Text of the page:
This is a first hand personal history of a famous WW2 U-Boat commander, the only one to survive service from the early war years. Cremer provides a candid, readable record of his service, from his time as an officer on destroyers in Norway, his transfer to U-Boats summer 1940, and successful cruises followed progressively more fruitless campaigns. It concludes with a brief command of a new revolutionary XXI boat, it's loss, and his command of Großadmiral Dönitz's personal guard in May 1945.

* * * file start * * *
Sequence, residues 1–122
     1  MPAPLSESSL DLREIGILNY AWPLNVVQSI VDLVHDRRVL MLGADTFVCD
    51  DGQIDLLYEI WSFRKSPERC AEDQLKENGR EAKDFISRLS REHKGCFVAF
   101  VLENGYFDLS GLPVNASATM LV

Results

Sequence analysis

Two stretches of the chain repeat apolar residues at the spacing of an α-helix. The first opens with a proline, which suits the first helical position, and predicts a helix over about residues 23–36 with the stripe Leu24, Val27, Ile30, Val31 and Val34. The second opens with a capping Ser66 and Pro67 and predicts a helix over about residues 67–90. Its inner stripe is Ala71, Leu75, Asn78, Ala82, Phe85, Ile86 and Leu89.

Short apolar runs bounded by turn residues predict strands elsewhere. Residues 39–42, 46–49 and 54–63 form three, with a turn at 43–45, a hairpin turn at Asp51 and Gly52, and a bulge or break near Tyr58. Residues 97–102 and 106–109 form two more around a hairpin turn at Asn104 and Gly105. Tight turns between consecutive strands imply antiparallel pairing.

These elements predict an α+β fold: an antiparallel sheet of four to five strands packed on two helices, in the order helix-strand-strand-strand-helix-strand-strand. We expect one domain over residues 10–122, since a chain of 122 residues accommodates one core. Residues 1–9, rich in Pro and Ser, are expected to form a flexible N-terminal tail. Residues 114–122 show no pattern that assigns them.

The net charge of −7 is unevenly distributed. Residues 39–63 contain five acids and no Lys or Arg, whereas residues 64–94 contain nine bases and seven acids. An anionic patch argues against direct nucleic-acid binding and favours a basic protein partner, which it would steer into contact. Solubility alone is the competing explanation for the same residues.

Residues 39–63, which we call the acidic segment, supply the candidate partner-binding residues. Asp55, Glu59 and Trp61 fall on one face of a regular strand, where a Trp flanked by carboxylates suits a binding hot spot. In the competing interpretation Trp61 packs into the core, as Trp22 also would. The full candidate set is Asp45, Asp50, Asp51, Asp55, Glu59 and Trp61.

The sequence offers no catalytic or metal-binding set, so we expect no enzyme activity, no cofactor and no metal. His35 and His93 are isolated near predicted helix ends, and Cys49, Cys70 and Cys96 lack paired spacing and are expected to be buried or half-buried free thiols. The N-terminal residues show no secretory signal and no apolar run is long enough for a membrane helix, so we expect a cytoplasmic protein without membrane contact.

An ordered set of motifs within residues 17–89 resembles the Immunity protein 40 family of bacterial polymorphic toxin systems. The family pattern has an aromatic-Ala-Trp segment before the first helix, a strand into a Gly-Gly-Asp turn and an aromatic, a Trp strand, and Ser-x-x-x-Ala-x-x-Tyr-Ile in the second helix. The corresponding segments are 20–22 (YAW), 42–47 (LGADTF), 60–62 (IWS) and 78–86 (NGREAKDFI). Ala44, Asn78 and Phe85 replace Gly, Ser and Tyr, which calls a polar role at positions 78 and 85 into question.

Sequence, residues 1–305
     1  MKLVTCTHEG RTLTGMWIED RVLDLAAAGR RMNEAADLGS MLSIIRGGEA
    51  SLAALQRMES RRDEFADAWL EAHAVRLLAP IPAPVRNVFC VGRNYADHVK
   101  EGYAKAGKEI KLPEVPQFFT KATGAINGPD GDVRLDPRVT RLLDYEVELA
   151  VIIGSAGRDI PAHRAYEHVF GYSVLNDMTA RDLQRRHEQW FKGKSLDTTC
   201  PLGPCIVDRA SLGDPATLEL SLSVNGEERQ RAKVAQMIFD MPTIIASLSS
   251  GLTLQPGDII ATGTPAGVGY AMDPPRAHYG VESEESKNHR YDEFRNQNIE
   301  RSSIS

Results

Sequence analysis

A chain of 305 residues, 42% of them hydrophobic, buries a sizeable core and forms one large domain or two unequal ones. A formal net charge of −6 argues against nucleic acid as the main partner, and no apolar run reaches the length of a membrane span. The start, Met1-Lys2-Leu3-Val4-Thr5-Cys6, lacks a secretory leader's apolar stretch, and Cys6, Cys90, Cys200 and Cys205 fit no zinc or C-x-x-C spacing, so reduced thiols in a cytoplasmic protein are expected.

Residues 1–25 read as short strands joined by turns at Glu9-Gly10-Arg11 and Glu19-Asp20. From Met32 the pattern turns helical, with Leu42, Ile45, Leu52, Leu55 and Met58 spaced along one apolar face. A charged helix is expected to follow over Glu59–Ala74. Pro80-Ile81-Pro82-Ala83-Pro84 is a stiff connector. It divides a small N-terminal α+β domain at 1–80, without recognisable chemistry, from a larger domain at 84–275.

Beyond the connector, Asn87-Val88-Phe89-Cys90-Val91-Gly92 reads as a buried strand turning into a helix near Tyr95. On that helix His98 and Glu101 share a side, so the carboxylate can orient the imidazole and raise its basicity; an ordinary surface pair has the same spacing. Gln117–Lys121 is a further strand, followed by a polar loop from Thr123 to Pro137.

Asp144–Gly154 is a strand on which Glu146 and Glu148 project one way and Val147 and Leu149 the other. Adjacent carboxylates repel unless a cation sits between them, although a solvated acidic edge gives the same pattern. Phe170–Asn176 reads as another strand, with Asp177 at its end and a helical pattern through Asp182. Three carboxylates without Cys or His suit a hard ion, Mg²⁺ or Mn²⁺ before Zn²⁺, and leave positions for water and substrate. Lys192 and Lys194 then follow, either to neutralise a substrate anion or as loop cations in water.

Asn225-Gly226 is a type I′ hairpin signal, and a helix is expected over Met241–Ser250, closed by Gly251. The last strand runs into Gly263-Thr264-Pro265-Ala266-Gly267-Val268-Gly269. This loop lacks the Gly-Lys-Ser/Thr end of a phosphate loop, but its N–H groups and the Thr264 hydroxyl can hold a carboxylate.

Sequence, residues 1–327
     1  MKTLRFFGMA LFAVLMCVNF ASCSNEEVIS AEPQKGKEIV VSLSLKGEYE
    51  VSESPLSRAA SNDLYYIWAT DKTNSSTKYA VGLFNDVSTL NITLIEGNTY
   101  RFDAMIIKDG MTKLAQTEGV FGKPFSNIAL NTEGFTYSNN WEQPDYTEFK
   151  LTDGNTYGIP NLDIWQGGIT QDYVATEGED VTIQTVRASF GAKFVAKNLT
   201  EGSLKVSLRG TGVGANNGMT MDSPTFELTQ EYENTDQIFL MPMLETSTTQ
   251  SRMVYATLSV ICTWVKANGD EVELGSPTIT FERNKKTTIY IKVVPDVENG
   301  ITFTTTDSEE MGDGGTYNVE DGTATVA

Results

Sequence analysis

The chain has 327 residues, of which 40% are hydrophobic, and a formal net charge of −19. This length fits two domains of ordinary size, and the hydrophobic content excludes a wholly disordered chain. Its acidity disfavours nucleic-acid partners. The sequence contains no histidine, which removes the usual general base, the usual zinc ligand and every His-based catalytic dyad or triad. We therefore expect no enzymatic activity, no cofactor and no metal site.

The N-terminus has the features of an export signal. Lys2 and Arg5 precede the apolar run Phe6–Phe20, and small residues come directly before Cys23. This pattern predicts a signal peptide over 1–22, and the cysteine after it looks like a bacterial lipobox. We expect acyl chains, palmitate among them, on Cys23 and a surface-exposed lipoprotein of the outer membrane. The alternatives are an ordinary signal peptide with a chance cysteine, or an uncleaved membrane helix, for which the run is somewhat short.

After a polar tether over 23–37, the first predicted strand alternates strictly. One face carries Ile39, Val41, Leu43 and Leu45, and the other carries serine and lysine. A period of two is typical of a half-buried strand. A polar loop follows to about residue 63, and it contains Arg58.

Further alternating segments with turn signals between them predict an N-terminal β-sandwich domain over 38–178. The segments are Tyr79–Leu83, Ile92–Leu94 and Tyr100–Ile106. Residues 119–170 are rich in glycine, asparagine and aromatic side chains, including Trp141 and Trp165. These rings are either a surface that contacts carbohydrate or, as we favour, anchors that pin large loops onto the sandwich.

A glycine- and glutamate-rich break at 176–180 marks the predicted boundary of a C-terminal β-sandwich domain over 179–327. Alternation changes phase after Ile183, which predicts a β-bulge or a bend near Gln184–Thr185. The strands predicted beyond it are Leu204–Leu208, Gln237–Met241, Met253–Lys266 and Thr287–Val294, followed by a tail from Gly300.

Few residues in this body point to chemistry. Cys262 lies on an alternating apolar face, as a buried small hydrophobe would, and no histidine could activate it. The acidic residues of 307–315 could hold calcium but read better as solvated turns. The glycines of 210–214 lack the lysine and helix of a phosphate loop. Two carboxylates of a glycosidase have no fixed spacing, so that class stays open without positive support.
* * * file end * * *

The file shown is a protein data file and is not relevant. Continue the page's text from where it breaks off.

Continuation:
The author provides a valuable account of increasing technological inequities encountered through the years (increased certainty of detection and destruction), and later cruises without kills but replete only in narrow escapes.
The edition I read (Naval Institute Press, Cloth Bound, 1985) includes a an appendix ("German U-Boat Casualties in WW2") that lists the fate of each U-Boat in service: it's a staggering tabulation of `heroism' and/or suicidal persuasion.